So there was suspense and drama to the proceedings. In 1960, John Kennedy got his majority for the Democratic nomination from Wyoming, the last state on the roll call. It was not until 1968 that the first media delegate count was conducted by Martin Plissner of CBS News.
The media delegate counts proved correct in the close 1976 Republican race between Gerald Ford and Ronald Reagan -- at which point the conventions started to take on their current form, as an advertisement for the presidential nominee and, perhaps secondarily, his party.
Sometimes things don't work out. Edward Kennedy avoided grasping Jimmy Carter's hand on the podium in New York in 1980, and Patrick Buchanan arguably overshadowed George H.W. Bush in Houston in 1992. But mostly things go according to script.
The Romney people have theirs prepared. Monday night is "we can do better," with the campaign trying to persuade one of the three broadcast networks to carry Ann Romney's speech. Tuesday is "we built that," with a Ron Paul video -- Hurricane Isaac permitting.
Wednesday is "the middle class agenda," with promises of more jobs and take-home pay. And Thursday, always the climactic night, is "we believe in America," with testimony about Romney's work in the Mormon Church and in the Salt Lake City Olympics and, of course, the nominee's acceptance speech.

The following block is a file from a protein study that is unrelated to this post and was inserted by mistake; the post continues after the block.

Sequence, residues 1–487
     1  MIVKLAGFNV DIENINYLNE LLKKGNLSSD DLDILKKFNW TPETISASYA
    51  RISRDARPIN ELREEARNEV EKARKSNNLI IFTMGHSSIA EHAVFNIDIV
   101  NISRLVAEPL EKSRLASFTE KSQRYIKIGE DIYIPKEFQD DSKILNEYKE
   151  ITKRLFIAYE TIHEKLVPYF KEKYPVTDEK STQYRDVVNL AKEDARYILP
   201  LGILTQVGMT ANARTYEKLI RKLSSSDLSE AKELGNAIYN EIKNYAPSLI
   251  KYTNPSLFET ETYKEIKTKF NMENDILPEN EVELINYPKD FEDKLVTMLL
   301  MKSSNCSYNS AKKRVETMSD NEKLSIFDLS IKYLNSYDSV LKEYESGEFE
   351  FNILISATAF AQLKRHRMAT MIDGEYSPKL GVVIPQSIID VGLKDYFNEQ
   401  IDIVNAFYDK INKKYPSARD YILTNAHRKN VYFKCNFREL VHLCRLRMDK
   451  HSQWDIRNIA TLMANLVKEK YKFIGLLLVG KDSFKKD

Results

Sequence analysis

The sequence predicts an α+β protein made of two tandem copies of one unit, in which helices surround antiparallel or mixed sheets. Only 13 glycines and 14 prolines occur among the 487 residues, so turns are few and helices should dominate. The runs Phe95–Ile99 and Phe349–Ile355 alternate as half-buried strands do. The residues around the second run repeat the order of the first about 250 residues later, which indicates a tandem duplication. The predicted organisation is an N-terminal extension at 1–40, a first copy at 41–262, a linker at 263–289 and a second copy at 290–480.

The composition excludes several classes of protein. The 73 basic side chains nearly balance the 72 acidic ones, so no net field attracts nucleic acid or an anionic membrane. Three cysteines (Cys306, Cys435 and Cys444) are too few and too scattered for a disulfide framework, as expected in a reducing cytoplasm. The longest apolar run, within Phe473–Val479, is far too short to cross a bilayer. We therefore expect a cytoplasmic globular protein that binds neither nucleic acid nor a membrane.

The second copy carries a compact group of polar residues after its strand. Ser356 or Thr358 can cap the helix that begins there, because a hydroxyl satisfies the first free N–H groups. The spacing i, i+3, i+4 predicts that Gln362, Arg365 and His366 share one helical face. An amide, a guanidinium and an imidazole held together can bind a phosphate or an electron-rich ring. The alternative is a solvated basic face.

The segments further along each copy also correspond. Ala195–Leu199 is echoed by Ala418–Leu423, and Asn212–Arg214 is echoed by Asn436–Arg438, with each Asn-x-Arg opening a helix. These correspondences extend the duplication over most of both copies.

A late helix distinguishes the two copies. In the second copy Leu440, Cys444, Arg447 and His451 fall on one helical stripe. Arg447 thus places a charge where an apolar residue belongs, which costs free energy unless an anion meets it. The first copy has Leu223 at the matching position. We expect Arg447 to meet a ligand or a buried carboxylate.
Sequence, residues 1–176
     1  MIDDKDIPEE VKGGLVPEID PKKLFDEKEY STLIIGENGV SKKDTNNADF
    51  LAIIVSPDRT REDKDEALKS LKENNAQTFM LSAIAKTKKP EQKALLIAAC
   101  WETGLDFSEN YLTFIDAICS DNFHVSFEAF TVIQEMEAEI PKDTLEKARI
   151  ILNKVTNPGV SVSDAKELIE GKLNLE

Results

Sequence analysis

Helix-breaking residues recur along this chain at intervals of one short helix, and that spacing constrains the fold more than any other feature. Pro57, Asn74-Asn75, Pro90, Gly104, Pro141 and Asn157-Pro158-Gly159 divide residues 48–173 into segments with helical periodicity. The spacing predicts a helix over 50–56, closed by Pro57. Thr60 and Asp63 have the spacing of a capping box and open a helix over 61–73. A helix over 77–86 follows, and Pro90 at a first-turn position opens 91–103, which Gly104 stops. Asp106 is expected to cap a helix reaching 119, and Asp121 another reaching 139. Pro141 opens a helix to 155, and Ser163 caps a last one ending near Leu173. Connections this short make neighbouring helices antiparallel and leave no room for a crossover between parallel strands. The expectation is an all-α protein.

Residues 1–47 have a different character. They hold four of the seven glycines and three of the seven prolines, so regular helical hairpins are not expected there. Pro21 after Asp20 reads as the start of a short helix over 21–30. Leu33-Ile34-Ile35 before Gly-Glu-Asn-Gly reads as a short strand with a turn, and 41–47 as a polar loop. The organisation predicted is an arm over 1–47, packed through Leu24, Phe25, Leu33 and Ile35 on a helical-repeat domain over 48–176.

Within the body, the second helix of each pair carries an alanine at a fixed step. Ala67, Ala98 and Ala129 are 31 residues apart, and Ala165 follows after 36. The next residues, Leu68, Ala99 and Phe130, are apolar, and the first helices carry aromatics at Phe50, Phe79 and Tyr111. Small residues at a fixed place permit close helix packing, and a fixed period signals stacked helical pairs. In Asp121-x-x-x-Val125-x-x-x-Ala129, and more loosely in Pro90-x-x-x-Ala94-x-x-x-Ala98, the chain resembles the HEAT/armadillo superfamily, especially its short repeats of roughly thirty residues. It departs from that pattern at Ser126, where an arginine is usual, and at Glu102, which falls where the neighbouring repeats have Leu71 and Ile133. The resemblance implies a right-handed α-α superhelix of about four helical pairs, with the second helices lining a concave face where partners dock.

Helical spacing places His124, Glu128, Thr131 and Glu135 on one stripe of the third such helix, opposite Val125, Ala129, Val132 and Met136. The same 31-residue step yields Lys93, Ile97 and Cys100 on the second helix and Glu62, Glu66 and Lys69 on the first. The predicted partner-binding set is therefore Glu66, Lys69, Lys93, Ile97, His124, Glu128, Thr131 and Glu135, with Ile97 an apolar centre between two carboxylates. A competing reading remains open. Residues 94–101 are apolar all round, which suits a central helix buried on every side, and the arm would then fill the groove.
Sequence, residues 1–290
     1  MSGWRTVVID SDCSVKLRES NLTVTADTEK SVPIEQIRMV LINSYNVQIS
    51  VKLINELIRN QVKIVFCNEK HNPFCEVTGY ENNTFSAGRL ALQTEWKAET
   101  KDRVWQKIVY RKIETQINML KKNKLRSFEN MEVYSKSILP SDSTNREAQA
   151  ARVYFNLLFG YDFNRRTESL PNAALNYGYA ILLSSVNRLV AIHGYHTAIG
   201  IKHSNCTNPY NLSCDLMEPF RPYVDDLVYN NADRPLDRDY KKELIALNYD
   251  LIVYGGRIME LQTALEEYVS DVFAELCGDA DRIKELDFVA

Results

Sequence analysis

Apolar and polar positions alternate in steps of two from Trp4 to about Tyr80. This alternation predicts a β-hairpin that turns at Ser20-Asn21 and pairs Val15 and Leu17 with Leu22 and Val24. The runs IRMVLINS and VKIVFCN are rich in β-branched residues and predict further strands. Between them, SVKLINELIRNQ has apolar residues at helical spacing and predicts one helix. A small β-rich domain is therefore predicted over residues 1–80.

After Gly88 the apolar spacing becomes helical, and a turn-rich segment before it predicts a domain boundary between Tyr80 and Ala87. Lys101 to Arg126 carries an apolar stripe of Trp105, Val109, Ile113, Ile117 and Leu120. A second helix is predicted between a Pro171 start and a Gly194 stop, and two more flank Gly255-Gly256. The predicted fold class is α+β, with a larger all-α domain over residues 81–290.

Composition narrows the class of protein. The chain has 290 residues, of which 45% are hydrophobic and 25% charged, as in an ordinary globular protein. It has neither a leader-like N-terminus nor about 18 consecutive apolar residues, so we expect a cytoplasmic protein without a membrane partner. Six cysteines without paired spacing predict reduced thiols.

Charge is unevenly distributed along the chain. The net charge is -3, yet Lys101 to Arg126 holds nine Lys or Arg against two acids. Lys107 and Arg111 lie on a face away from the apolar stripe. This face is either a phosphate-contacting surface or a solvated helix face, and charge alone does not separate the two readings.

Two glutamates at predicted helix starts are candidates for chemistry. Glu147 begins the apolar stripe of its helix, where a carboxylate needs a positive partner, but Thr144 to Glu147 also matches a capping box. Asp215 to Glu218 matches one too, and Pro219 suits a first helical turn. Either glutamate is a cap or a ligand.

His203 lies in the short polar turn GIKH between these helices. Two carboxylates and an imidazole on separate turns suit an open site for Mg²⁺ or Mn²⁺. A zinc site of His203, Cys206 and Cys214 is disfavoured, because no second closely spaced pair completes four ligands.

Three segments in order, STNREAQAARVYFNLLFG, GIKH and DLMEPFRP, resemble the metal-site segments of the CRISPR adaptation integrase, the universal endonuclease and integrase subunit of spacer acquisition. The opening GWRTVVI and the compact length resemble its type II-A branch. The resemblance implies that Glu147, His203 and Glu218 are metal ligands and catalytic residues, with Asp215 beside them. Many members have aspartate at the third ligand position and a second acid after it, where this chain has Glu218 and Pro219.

The Romneyites are proud of their 3-D, high-resolution video screens (in the old days, delegates watched the tiny distant speakers), the podium inspired by Frank Lloyd Wright (a Wisconsin native, like Paul Ryan) and their efforts to interact with social media like Facebook and Twitter.
But of course it matters much more how the nominees, Ryan and especially Romney, come across. That's the whole point of still holding national conventions.
Some pundits lament the demise of the old conventions. But they couldn't be revived without banning long-distance telephone, the Internet and jet travel.
Contemporary conventions give parties a chance to showcase their nominees. As in much of our politics, an antique form still performs a useful function.
Michael Barone, senior political analyst for The Washington Examiner (www.washingtonexaminer.com), is a resident fellow at the American Enterprise Institute, a Fox News Channel contributor and a co-author of The Almanac of American Politics. To find out more about Michael Barone, and read features by other Creators Syndicate writers and cartoonists, visit the Creators Syndicate Web page at www.creators.com.
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